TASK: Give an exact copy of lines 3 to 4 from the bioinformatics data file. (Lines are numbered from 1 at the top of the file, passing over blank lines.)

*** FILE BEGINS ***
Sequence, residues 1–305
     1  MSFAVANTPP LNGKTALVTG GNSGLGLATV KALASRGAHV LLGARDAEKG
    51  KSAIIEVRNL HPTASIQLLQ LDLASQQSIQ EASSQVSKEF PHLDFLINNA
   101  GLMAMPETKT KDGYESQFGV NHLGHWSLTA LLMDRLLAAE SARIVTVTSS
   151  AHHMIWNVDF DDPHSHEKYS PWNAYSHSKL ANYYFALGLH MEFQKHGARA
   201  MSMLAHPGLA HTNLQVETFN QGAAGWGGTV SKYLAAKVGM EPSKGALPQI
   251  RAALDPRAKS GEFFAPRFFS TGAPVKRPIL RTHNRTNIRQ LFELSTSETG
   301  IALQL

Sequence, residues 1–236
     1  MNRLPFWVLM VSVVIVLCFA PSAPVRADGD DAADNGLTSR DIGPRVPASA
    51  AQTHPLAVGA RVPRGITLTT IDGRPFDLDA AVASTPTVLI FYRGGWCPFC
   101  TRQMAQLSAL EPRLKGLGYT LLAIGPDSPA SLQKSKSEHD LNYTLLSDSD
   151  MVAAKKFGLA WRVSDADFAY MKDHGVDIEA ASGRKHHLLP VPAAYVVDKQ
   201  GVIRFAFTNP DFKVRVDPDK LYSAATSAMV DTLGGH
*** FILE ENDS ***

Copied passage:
    51  KSAIIEVRNL HPTASIQLLQ LDLASQQSIQ EASSQVSKEF PHLDFLINNA
   101  GLMAMPETKT KDGYESQFGV NHLGHWSLTA LLMDRLLAAE SARIVTVTSS